The Tonawanda Coke Corporation (New York) and its Environmental Control Manager, were indicted on 15 counts of violating the Clean Air Act (CAA), four counts of violating the Resource Conservation and Recovery Act ( RCRA or Hazardous Waste Law), and one count of allegedly obstructing justice. The CAA charges relate to alleged failure to install required pollution control devices and for regular / continuous release of coke oven gas. The RCRA charges are for alleged release of coal tar sludge on the ground and disposing of rail tank car oil through the coke ovens. Citizens living near the plant had complained about health issues due to emissions from the facility. Note: an indictment is an allegation that a crime has been committed and a defendant is presumed innocent unless proven guilty.

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Working with Other Law Enforcement Organizations

Native Americans Law Enforcement

EPA’s criminal enforcement program expanded efforts to work with Native American communities to strengthen tribal environmental law enforcement capabilities. For the first time, EPA special agents and attorneys worked with DOJ and DOI agents to give three days of environmental and natural resources criminal enforcement training to approximately 500 tribal law enforcement Officers attending this year’s National Native American Law Enforcement Association (NNALEA) training meeting. Topics included: identifying environmental crimes; managing environmental crime scenes for safety and evidence collection; electronic surveillance and computer forensics using environmental and natural resources laws (such as the Native American Graves Protection and Repatriation Act, Endangered Species Act, and the Archeological Resources Protection Act); and building and referring cases to federal, tribal, and state prosecutors.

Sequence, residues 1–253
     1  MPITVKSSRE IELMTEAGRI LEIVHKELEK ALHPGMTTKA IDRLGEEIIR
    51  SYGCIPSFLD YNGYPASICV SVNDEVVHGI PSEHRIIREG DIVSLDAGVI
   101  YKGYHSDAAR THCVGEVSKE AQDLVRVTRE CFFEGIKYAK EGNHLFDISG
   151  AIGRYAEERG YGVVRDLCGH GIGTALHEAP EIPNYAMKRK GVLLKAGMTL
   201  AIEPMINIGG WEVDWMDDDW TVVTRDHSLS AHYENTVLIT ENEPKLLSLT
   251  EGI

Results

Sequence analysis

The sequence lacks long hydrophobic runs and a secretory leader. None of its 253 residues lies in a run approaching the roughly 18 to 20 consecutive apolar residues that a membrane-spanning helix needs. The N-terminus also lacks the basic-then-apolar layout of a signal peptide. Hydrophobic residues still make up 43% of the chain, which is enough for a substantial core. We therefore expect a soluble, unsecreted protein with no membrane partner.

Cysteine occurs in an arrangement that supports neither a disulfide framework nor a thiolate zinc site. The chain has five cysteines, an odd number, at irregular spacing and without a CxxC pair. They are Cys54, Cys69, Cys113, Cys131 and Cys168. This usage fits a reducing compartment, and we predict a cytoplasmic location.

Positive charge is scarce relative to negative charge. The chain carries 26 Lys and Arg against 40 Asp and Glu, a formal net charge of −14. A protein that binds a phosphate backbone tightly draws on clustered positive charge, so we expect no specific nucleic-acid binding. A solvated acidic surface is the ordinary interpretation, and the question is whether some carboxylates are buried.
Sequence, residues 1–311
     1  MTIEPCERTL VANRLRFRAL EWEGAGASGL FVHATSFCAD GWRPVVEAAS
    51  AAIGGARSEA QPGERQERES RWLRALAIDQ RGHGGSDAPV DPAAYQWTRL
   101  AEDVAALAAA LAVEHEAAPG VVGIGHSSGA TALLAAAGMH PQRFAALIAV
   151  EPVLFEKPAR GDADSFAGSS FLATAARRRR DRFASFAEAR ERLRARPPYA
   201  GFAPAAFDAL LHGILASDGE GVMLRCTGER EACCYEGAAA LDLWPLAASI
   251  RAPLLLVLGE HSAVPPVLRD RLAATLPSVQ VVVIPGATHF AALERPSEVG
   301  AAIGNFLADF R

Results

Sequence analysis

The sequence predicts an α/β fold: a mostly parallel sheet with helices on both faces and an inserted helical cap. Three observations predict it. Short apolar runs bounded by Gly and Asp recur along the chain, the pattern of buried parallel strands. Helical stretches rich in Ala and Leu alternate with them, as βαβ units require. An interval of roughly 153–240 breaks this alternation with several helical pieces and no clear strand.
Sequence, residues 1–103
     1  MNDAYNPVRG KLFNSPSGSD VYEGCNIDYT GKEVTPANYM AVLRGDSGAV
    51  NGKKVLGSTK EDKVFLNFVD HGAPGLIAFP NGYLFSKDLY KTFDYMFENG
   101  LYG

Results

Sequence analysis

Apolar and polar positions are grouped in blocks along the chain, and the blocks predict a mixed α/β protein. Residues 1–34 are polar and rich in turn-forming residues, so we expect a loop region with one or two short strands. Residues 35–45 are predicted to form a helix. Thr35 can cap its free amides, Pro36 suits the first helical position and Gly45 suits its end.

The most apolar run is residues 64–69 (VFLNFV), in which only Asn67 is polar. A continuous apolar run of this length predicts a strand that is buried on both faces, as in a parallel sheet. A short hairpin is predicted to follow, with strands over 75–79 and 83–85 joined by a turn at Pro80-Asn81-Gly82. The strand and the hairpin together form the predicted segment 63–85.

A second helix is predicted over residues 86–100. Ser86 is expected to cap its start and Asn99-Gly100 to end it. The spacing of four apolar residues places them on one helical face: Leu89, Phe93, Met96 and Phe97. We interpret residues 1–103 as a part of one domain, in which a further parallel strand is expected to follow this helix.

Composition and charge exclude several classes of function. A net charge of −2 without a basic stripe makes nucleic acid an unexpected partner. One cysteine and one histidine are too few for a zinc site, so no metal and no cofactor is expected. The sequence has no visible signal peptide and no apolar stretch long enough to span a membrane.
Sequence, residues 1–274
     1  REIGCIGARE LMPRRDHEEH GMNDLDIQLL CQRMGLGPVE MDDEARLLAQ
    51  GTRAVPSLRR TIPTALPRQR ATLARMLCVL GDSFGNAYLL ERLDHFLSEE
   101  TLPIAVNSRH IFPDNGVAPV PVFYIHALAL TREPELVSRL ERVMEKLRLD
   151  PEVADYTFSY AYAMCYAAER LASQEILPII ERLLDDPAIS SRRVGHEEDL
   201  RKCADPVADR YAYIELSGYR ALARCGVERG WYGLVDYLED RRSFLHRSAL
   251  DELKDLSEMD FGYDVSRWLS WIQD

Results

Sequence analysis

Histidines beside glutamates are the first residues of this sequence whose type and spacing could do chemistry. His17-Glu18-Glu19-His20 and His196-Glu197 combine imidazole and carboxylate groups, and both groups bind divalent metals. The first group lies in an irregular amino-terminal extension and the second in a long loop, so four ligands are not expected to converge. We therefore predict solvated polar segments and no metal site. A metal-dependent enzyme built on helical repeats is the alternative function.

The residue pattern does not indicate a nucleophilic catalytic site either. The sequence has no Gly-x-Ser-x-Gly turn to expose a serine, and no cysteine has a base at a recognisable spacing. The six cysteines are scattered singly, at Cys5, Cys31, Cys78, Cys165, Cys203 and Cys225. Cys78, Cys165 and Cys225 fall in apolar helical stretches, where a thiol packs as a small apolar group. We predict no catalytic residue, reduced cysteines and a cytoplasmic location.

Interpol Addressing E-waste

photograph of the EPA Administrator speaking at the E-Waste conference

EPA Adminsitrator Lisa Jackson, speaking at the E–Waste Conference in May, 2010

photograph of attendees at the E-Waste conference

Participants at the Global E–Waste Conference in May, 2010

Discarded electronic equipment or “e waste” including scrapped televisions, cell phones and computers contains a host of hazards such as lead, arsenic, mercury, cadmium and other toxics that can have serious health and environmental impacts.  E–waste is a large and growing problem in developing countries, where an estimated 50 million tons of computers alone are disposed of annually and the unsafe methods used to collect heavy metals from these wastes pose significantly health risks. 

To coordinate world-wide efforts to address this global problem, in FY 2010 EPA criminal enforcement co–organized and co–hosted the international INTERPOL Global E–waste meeting in Alexandria, VA to provide a three–day forum for more than 100 representatives and experts from 21 countries and 12 non–governmental organizations to develop multi–national enforcement strategies. EPA Administrator Lisa Jackson addressed the delegation, calling for “legislative fixes” to help limit harmful exports posing as legitimate reuse and steps toward ratifying the Basel convention.

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Strategic Program Management

During FY 2010, the criminal enforcement program achieved two milestones that will enhance its ability to investigate environmental crimes.

Agents On-Board

At the end of FY 2010, EPA had 206 special agents on-board and assigned to environmental criminal investigative duties.  This successfully completed a 3-year hiring strategy to restore the Agency to the not less than 200 special agent staffing level cited in the 1990 Pollution Prosecution Act. The Agency plans to maintain this special agent staffing level by using a forward thinking recruitment and retention strategy.

Criminal Enforcement Targeting Methodology

To best use its valuable resources, EPA criminal enforcement formally implemented a methodology to “tier” its cases primarily focusing on three categories based on human health and environmental impacts (e.g., death, serious injury, human exposure, remediation), release and discharge characteristics (e.g., hazardous or toxic pollutants, continuing violations), and subject characteristics (e.g., national corporation, repeat violator). While an emphasis on identifying, investigating and prosecuting most significant cases may result in fewer cases opened annually, it will focus efforts on the most important environmental and public health benefits and help deter illegal corporate and individual behavior.